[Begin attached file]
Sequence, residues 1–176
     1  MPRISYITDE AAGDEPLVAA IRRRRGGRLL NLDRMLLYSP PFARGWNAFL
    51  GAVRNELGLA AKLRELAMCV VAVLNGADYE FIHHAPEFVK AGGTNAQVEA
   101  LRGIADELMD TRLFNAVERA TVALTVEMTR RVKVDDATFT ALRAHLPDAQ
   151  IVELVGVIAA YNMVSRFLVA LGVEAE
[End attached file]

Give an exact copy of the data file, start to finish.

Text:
Sequence, residues 1–176
     1  MPRISYITDE AAGDEPLVAA IRRRRGGRLL NLDRMLLYSP PFARGWNAFL
    51  GAVRNELGLA AKLRELAMCV VAVLNGADYE FIHHAPEFVK AGGTNAQVEA
   101  LRGIADELMD TRLFNAVERA TVALTVEMTR RVKVDDATFT ALRAHLPDAQ
   151  IVELVGVIAA YNMVSRFLVA LGVEAE